The annual Gardens Day in the Baltimore County seat includes a rare chance for a peek inside the walled landscaped plot known as Towson's Secret Garden.

Downtown Towson blooms with beauty

April 29, 2005|By Laura Barnhardt | Laura Barnhardt,SUN STAFF

Karolyn Seidl took the day off work yesterday and borrowed a wagon from a couple of kids in the neighborhood.

She pronounced her daughter, Elaine, the official "lugger," and the two headed to Towson, where pots and baskets of herbs and plants lined the streets.

A jazz band played on the courthouse steps, and jewelry sparkled in the sun. Workers in business suits sipped fruit smoothies in plastic goblets.

And, for a day, a town normally bustling with bail hearings and board meetings stopped to smell the flowers.

"It's just so nice to come here," said Seidl, as she surveyed the "phenomenal" flowers set out for Towson Gardens Day.

Last year, Seidl, the transportation coordinator for Villa Assumpta, the mother house for the School Sisters of Notre Dame, said she "nearly broke her arms" carrying home her treasures.

This year, she filled a plastic wagon with purplish-blue flowers.

For those who love their yard work, Seidl and others say, Towson Gardens Day is a must.

It provided an opportunity to hear planting tips from landscape architects Wolfgang Oehme and Avery Harden, who created the palatial garden in front of the old courthouse.

And it was the one day of the year to tour Towson's Secret Garden.

The lavish, walled garden on Baltimore Avenue is owned by Robert M. Evans, whose publishing office is next to it.

But, honoring the agreement of the millionaire who built the office and garden in 1974, Evans allows the public to tour his private oasis, which includes a pool with two fountains and a gazebo.

It's also adorned with artfully arranged flowers, blooming trees and sculpted shrubs that look a little like tiered wedding cakes.

"It's lovely," said Joey Armitage, a retired school aide from New York City. "I had read about it. And ta-da - I had free time today and found a parking space. ...

"Hidden things are particularly nice, don't you think?"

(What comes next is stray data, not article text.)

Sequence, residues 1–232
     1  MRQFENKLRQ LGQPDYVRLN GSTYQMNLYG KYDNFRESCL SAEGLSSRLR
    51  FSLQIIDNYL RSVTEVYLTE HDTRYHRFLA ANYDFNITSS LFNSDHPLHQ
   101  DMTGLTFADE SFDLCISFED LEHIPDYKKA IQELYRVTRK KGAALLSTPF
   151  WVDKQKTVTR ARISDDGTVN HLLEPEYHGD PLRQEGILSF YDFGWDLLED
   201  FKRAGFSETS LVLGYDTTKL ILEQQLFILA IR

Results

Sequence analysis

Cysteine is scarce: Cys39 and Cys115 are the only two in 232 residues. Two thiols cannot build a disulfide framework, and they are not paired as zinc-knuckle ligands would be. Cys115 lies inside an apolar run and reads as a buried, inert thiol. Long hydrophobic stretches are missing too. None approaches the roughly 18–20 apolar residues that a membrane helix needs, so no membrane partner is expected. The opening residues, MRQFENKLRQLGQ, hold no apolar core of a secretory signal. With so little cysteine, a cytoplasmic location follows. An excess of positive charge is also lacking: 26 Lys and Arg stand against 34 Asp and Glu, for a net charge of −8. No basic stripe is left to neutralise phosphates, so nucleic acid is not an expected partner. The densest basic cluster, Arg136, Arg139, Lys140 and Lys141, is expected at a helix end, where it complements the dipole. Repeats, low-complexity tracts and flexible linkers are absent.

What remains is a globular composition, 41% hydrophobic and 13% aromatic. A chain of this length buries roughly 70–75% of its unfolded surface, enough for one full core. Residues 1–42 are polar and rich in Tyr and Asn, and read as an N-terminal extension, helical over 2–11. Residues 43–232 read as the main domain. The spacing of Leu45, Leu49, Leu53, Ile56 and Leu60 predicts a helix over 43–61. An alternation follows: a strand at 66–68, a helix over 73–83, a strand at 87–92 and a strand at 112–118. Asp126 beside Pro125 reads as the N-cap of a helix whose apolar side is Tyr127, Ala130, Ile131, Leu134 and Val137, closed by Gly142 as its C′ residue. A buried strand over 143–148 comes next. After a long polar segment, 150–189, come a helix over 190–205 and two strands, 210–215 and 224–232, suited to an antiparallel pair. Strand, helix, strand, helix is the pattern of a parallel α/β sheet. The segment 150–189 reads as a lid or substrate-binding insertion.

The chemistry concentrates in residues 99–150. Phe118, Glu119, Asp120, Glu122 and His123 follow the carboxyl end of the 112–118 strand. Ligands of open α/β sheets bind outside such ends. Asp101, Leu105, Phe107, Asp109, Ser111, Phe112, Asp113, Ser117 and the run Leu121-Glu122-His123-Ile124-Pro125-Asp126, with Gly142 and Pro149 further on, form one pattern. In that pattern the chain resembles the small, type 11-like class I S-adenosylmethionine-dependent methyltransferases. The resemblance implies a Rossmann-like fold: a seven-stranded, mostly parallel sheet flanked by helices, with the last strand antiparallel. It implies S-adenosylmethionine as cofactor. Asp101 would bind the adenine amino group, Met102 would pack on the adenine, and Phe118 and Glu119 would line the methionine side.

A few blocks away, a crowd toured the courthouse garden with Oehme and Harden - and enjoyed their humor.

Asked about the garden plow that serves as a monument to the county's farmers, Harden said, "I suggested it as a joke, but they took me seriously."

Carol Oppenheimer, a Stevensville gardener, said she has long admired Oehme's work: "Before, this looked like a prison yard. Now, it's wonderful all year long."

Annual fun

It was difficult to walk more than a few steps without bumping into a toddler skipping along with a balloon or an office worker loaded down with flats of perennials and annuals.

Seidl said that's why a wagon and a daughter who will carry plants for you are so important.

When she plants her purchases, she said, someone will probably ask, "What's that?" To which she will answer: "Oh, that's my blue flower."

"I just plant what I think looks good," Seidl said.

The strategy apparently works, because her garden in Towson's Greenbriar neighborhood was one of 27 local plots recognized by the Towson Gardens Day committee during an awards ceremony yesterday.

Spring tradition

Started nearly 20 years ago by the Towson Development Corp., Towson Gardens Day was created to highlight the blooming gardens and landscaped spots in the area, said longtime organizer Les Graef.

But the event has also become a Baltimore County spring tradition - an excuse to buy a funnel cake, sip lemon juice through a peppermint stick and buy a potted geranium or new straw hat.

This year, the event was a prelude to the Towson Town Festival, which starts tomorrow along many of the same downtown Towson streets.

Normally, the two events are 1 1/2 weeks apart, but this year the festival was moved up so it wouldn't conflict with Mother's Day on May 8, said Suzan F. Doordan, executive director of Towson Business Association.

The two-day festival covering 10 city blocks will again feature performances by more than 30 musicians and the works of hundreds of crafts people and artists.

But, this year, the children's area, with pony rides and a rock-climbing wall, has been expanded, and a food court with tables and chairs will be added, Doordan said.

Phyllis Panopoulos, County Executive James T. Smith Jr.'s executive assistant, and Ann Beegle, his chief of staff, said they look forward to both events each year.

Panopoulos said that Towson Gardens Day reminds her of Baltimore's Flower Mart in Mount Vernon.

Before her tour of the Secret Garden, Panopoulos had purchased half of a lemon with a peppermint stick planted in the center - a Southern-style treat that is always served at the Flower Mart.

"This time of year in Towson is glorious," she said.

"It's the start of such a happy season."

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